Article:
That work includes security for the new city hall, which is paid for out of the general budget, and beginning Monday, IPC will monitor Broadway, which will be paid by a federal grant.
For the past two years, two IPC guards have patrolled the Northwood business district 24 hours a day under a Community Redevelopment Agency contract.
Although security guards cannot arrest criminals, their presence deters crime, supporters say. The CRA’s marketing coordinator, Sharon McCormick-Keiley, said the effort has reduced panhandling and given merchants a sense of security.
Police have not felt similarly comforted.
Much of the union’s anger is directed at Perez, especially after IPC worked SunFest while West Palm Beach police protested outside over city spending and the elimination of the step raises.
On April 29, Perez – escorting Frankel through the SunFest protest – admits he spat at and lightly head-butted protester Jim Whalen (the same protester who the next day was involved in an argument with Frankel’s son, Ben Lubin, which led to Lubin’s arrest).
Perez, a 42-year-old Army vet, also serves, at times, as Mayor Lois Frankel’s bodyguard. Perez said he does it on a volunteer basis, when he’s off the clock. The mayor’s secretary will call him to see whether he’s available when Frankel requests assistance.
Frankel praises Perez for “dedicating his life to the revitalization of downtown West Palm Beach and the Northwood Area” and for “running a very professional organization.”
Perez’s beef with police goes back to 1993 when he was fired as a Miami police officer for filing six false police reports. He admitted to the accusations at the time, saying he hadn’t properly filled out the forms, but he was never charged.
Perez said the firing stemmed from a personal dispute with a captain. Angered that he was singled out for a minor infraction in a department full of corrupt officers, Perez became a whistle-blower. He approached The Miami Herald with evidence of officers stealing hundreds of thousands of dollars in taxpayer money by lying about being on the scene for driving under the influence arrests so they could earn overtime in court.
The Herald launched an eight-month, five-part investigation in 1997 and the paper applauded Perez as a hero. Although no officers were fired because of the investigation, the city and state attorney’s office tightened requirements for officers logging DUI arrests.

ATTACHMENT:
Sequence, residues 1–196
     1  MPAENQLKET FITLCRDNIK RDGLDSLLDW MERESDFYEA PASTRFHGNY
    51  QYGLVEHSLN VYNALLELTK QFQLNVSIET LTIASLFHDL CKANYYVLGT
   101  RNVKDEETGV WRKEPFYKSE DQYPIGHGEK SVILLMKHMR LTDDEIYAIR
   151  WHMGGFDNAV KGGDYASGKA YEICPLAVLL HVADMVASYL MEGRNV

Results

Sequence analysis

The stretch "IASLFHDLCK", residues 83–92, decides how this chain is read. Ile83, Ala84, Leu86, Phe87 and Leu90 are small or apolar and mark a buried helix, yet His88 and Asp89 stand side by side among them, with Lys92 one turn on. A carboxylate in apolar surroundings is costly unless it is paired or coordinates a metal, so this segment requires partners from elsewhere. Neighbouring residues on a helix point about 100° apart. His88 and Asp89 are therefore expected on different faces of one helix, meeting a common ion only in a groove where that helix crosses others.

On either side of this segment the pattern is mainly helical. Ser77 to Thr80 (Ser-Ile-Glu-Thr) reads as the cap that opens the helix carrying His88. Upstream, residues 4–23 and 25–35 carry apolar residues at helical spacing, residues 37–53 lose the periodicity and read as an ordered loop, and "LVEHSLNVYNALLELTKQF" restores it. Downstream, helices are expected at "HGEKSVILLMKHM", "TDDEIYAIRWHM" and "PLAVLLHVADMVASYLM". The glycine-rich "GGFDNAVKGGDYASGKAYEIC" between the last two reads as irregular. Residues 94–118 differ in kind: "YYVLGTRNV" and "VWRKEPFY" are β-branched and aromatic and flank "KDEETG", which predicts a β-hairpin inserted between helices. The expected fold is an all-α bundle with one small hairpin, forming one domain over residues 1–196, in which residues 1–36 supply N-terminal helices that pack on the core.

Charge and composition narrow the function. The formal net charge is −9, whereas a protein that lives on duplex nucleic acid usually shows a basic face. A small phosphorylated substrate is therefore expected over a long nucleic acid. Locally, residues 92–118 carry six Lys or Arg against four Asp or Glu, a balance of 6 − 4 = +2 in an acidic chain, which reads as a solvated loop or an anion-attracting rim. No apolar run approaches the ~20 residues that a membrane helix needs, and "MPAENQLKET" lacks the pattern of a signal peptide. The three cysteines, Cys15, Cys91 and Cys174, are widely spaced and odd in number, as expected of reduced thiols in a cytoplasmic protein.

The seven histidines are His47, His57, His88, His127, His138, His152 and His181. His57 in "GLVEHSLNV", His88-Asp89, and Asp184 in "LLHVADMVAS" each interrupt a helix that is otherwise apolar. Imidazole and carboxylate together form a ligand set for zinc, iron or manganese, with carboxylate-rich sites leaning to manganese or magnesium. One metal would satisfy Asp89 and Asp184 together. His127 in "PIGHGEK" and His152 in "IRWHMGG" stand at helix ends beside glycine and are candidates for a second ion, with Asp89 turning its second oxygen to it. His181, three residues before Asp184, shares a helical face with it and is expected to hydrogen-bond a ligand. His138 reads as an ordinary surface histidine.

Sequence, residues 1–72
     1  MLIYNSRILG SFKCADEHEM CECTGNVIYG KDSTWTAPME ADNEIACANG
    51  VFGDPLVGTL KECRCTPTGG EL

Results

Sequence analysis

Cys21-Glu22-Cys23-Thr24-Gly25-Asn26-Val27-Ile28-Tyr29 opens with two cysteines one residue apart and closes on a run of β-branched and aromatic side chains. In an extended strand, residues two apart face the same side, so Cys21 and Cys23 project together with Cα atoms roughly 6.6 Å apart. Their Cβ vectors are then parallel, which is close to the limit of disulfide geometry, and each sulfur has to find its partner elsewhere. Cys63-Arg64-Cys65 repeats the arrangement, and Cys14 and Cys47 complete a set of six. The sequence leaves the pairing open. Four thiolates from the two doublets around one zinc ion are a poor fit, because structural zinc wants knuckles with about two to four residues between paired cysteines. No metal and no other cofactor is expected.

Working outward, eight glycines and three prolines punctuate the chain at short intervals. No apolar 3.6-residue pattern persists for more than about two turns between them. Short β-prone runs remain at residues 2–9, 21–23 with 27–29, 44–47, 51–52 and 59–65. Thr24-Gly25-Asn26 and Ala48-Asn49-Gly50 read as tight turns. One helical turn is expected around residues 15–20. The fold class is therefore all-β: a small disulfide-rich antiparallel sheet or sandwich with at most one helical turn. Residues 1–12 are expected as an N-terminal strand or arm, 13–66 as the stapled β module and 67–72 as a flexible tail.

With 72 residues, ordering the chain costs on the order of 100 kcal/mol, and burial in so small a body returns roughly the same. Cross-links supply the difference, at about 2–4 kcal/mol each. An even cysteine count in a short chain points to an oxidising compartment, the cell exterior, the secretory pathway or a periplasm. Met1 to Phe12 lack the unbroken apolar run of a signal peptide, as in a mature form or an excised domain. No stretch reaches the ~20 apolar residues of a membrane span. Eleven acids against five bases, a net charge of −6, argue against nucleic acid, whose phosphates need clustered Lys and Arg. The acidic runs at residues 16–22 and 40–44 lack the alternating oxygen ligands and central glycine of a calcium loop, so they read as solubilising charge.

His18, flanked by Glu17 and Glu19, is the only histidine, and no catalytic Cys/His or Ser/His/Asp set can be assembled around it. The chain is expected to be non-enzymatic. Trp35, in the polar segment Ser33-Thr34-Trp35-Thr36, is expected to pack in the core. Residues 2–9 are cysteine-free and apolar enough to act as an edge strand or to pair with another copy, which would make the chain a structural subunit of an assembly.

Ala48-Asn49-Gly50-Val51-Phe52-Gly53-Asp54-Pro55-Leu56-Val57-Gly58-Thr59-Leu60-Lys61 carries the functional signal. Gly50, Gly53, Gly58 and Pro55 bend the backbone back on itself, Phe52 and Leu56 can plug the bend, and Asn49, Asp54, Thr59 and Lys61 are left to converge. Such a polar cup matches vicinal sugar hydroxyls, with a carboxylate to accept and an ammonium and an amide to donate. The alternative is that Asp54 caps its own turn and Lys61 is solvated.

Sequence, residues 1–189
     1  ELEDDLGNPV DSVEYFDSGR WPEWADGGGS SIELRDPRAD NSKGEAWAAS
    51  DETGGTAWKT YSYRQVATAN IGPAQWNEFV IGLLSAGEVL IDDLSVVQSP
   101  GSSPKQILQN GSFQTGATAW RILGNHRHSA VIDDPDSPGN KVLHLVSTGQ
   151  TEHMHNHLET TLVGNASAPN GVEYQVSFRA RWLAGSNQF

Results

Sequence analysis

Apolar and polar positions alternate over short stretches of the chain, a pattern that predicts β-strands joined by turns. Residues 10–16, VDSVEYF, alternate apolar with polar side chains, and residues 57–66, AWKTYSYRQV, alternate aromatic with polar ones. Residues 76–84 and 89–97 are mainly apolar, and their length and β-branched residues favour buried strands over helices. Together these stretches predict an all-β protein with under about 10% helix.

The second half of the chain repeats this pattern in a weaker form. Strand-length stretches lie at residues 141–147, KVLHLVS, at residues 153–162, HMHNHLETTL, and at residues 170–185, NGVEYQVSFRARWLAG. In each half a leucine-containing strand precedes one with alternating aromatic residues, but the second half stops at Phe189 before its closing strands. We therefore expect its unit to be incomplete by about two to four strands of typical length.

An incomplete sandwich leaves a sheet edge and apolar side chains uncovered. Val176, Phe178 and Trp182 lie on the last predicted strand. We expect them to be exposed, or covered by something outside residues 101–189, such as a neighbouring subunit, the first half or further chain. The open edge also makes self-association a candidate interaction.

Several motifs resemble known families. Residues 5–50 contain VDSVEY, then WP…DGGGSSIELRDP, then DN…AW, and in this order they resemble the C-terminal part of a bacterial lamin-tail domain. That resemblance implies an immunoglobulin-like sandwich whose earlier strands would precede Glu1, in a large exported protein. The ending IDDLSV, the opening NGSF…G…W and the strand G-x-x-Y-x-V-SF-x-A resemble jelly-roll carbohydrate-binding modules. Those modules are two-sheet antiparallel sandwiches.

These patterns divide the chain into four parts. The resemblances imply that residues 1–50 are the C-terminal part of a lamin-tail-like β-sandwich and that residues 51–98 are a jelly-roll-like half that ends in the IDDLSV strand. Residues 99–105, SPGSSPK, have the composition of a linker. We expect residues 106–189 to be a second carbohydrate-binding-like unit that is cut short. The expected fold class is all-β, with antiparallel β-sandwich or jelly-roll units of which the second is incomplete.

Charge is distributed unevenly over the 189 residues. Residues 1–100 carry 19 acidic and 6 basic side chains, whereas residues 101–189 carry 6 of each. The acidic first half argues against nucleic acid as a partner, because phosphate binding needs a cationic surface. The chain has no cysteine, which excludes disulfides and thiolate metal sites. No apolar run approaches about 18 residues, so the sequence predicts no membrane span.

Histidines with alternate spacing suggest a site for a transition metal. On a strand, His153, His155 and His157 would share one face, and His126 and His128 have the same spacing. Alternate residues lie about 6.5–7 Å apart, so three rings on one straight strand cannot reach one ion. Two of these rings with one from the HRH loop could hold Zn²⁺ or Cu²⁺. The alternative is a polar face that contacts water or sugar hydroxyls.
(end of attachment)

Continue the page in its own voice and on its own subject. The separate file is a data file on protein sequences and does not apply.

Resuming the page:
Perez never got his job back in Miami. He went to physical therapy school for two years before being hired by IPC more than a decade ago to replace CityPlace’s first-year contract with Wackenhut .
Perez started the West Palm Beach branch of the Chicago-based security company, beginning with six employees and expanding to about 260 employees, which includes about 220 full and part-time guards. Perez said he hasn’t profited off the company’s massive expansion in West Palm Beach, and that he’s satisfied seeing downtown prosper while providing jobs to people in the area.
Penque accuses IPC of “undercutting every other company” and not going through the proper request for proposals process with the city.
However, the city’s former procurement official, Nora Laudermilk, said the bid process was fair and that IPC beat 14 companies for citywide security.
Penque did not like the choice of Perez’s IPC company.
“He head-butted (a protester) with his hat and spat at him,” Penque said. “That’s the type of character that is head of security. We’re being professional. He’s absolutely not.”
Wohlust, the DDA director, defended Perez.
“I don’t know of anybody who works as hard as he does,” she said. “He can be a polarizing figure, but I think he’s committed to making sure this is a safe and secure area.”
Perez didn’t want to talk about his past, but said IPC has helped the police clean up the city.
“Most police officers, I do respect,” Perez said. “But they don’t understand what’s best for the city.”
Mayor: It’s cheaper
Frankel said deploying private security across the city is necessary, and cheaper than adding more police officers.
IPC and the police have different roles “and when you combine them correctly, you can really add to quality of life,” Frankel said.
IPC’s waterfront contract was approved by a 3-1 vote of the city commission. Commissioner Kimberly Mitchell was the lone dissenter and Commissioner Jeri Muoio recused herself because her son-in-law works for IPC.
“That’s $72,000 we’re taking from parks and rec’s budget from the general fund,” Mitchell said.
“If using private security irritates the police, I don’t care about that. But we have to prioritize, and this will be a recurring expense.”
Not only does Penque believe that waterfront ambassadors and boat greeters are unnecessary, he said the police department has its own part-time public safety workers who earn $15 an hour.
According to a city spokesman, the IPC dockworkers will earn $17.44 an hour. Perez said the guards, after expenses, net only $11 an hour.
“It’s always been planned for this waterfront to have security. That’s all there is to it,” Frankel countered. “The public wants more security, not less.”